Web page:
BackYard Chickens › BYC Forum › Raising BackYard Chickens › Emergencies / Diseases / Injuries and Cures › White Leghorn hen in bad shape. Need help
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White Leghorn hen in bad shape. Need help

post #1 of 7
Thread Starter 

My only white leghorn hen is just over 1 year old. She has out performed all my other hens since she started laying. In fact, until a month ago, she had never missed a single day. The one day she did not lay an egg. She resumed and did ok for few days then missed another. Soon she was missing 2 or 3 days in a row. My hens are cooped up only at night. They have a lot about 25' X 100' to roam in each day. I feed them scratch every day in addition to laying pellets, keep fresh water in 2 locations for them and keep their coops reasonably clean. 2 Months ago, I started letting them free range 2 hours before dusk. They return as they should and it actually help egg production. 

Now my problem. This evening when I went up to tend my flock, I released them as usual, and they all went out except for the white leghorn. She was standing by one of the water bins, occasionally taking a drink. I watched her do that about 15 minutes, she drank more water than she would have normally drank in a week. I finally went over and picked her up, without any objection from her, and water started pouring out of her mouth. I tilted her head down and more water came out, crystal clear. I did it again and more water, each time I did this more water cam out, and it started to have a tint to it, not bloody but brownish. In the end I must have emptied at least a 1/2 pint of water from her, maybe more. She is now isolated with some food but no water. Any ideas?

 

Ken

post #2 of 7
Take the food out and put the water back in with her, and add electrolytes if you have any. She could have a crop problem, but crops can be full and slow to empty with many conditions. Good layers can suffer from several reproductive disorder such as internal laying and egg peritonitis. Check her crop in the morning to see if it is empty, full, hard or puffy. Do a search for impacted crop, and look for posts by Two Crows. Also Google impacted crop, and look for TheChickenChick.com. You may want to check her for egg binding by feeling inside her vent with one finger an inch or two inside. If her crop seems better tomorrow, try feeding her some plain yogurt, and some raw egg whipped together, and plenty of water. If you have a local vet who could see her, that is always a good idea.
post #3 of 7
Thread Starter 

I, being a complete novice, checked her out to the best of abilities. If I understood the directions on how to check the crop, it seems normal as compared to two of my healthy girls. On the other hand, she has what feels like a large collection in her throat, before you get to the crop. I tried to get her to vomit it out but the only thing that did come out was more water. I think she has an obstruction. I'll try to find professional help this morning.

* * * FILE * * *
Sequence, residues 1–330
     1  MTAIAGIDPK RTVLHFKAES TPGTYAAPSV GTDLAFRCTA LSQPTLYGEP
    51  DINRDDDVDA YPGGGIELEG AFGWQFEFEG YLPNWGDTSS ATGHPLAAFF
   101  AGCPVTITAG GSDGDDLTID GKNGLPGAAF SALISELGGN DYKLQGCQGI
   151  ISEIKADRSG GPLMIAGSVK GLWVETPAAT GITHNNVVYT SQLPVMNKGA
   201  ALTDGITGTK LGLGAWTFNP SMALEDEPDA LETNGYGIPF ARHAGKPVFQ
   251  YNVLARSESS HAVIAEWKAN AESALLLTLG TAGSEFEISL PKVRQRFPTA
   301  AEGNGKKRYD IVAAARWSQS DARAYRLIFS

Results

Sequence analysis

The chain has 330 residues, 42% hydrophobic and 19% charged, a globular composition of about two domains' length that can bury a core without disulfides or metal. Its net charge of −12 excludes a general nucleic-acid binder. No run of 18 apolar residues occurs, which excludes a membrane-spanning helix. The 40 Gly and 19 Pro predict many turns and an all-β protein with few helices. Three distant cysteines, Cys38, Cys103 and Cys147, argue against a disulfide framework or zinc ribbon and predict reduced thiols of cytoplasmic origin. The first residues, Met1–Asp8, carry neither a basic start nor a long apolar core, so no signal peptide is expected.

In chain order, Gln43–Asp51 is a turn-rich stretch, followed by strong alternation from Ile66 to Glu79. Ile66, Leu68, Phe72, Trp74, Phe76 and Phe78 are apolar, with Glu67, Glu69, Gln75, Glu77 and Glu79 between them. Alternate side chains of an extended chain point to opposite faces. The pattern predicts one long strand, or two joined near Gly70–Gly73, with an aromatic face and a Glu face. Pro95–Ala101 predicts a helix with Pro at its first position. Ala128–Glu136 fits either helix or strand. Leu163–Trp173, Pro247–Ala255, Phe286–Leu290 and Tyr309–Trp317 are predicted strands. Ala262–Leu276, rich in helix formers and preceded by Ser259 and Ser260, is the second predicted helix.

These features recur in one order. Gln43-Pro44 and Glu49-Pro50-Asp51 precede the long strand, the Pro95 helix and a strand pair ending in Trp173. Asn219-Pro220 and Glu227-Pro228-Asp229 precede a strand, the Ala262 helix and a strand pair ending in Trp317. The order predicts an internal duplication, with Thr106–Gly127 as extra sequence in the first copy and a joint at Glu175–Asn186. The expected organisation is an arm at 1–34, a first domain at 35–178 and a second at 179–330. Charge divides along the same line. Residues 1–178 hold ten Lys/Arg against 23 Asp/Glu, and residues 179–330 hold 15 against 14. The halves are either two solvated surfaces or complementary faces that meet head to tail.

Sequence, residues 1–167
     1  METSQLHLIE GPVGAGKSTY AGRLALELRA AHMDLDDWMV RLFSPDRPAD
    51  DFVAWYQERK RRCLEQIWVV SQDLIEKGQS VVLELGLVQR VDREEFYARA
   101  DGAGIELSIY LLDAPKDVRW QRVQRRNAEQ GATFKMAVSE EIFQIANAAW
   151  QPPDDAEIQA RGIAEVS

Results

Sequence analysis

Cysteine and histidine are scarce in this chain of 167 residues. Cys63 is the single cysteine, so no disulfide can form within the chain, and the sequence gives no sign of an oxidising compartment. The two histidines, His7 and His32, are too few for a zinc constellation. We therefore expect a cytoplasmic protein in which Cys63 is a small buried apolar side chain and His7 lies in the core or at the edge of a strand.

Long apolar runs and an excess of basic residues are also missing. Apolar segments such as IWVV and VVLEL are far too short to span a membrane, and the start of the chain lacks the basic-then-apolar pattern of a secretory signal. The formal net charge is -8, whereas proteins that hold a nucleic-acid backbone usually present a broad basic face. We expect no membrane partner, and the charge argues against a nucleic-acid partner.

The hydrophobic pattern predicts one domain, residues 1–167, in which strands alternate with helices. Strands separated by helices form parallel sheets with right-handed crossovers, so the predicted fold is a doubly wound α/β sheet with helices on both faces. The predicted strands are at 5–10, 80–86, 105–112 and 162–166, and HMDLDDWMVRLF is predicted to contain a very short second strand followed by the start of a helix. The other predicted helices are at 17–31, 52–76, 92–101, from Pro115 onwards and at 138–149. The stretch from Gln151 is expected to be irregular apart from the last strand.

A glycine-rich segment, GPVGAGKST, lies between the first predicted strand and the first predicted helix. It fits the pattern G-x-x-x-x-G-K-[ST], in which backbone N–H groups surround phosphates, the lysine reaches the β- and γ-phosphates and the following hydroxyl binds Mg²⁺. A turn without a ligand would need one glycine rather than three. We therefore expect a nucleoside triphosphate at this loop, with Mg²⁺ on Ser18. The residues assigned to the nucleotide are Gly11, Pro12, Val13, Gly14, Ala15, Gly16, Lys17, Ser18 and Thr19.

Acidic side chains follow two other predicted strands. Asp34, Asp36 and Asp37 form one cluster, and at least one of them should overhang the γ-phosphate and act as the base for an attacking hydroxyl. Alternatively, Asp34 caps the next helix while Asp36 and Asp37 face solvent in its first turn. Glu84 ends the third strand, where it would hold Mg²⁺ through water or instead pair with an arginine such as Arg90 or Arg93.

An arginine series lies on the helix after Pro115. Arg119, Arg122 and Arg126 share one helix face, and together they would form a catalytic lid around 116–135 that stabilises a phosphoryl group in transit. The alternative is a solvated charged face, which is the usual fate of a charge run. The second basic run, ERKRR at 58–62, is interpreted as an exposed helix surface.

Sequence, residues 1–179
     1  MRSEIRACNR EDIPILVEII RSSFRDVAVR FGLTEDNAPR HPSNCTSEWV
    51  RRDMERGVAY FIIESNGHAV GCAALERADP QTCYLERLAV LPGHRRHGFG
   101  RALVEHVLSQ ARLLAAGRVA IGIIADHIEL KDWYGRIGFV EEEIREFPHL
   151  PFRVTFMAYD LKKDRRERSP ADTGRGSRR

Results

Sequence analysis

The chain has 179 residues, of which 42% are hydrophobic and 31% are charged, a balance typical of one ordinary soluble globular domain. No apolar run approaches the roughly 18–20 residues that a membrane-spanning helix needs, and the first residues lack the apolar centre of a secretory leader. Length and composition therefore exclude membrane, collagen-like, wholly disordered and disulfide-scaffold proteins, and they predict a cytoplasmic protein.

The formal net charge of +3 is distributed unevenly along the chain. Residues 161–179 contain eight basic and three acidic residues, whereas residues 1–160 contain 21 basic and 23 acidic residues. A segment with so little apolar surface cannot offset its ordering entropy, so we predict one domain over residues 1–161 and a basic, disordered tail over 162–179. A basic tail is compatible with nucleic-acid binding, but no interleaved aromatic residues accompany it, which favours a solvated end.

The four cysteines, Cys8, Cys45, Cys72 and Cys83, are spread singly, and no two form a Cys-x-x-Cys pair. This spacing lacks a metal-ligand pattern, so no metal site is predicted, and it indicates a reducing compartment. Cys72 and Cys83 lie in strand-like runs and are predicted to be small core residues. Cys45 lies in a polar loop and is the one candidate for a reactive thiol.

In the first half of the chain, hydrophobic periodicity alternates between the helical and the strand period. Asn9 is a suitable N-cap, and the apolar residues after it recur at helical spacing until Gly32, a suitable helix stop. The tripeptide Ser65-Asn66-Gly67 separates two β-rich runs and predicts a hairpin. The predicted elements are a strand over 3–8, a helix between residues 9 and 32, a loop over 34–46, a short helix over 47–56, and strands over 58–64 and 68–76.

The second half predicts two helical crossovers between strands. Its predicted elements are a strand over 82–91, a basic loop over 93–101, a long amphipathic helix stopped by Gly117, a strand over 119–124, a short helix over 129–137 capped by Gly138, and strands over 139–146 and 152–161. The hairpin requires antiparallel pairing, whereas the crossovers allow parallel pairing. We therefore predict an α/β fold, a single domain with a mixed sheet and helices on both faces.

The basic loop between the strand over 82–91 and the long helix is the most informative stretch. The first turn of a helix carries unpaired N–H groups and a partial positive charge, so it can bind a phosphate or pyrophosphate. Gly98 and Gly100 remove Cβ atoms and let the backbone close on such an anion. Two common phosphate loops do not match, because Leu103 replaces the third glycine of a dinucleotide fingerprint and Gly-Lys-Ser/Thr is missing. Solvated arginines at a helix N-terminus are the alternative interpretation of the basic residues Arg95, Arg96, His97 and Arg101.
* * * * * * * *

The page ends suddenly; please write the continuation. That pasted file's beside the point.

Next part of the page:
Thanks

post #4 of 7
Sometimes chickens can get a leaking air sac from an injury to the neck, chest, or back. That can cause air to collect under the skin. It can be deflated with a needle and then pressed out. Please let us know about any vet help that you get, and I hope that she recovers.
post #5 of 7
Thread Starter 

My little white hen passed last night. I'm deeply saddened, more so than I though possible. She was my favorite, friendly to me and the other birds. Would let me pick her up and pet her, but I could not keep her home. She did return every evening, and I generally could find her easily enough, but she was a wanderer. I trimmed her flight wings one time but that did little to keep her from getting over the fence and prowling the neighborhood. She laid her egg first thing every morning so she never missed leaving a parting gift. I will miss her and her incredible egg production. Thank for your help. I do have one more question. The same day I found my hen in distress I introduced 5 more hens into the flock. Since then the resident flock, now consisting of four, torment the new girls on a regular basis. Should I expect this to resolve itself, or is there something I can do to resolve it myself? 

 

kb


Edited by krownkpb - 5/28/16 at 9:16am
post #6 of 7


oh, I'm so sorry :(. this must be hard. :hugs  

 

 

 

          hugs, Reamuskitty1

Warning: Spoiler! (Click to show)
one day I will get my chicken babies! one day...

missing my babies because of a neighborhood law.

Reply
Warning: Spoiler! (Click to show)
one day I will get my chicken babies! one day...

missing my babies because of a neighborhood law.

Reply
post #7 of 7
I never trim wings anymore. I have a 4 foot tall chainlink fence, and I trimmed one wing on all of the pullets who flew over my fence daily. It made no difference, and then I watched as my bantams flew straight up in the air 10 feet to jump up on my coop roof. Once chickens get a little older most stop ju,pimg the fence. I found poultry netting works well since they can't jump up on it.
It is really sad when our favorites become ill. I have lost a few over the years, including of my favorites, and it was sad, but I really dread the day I lose my little mille fleur.
Sorry for your loss.
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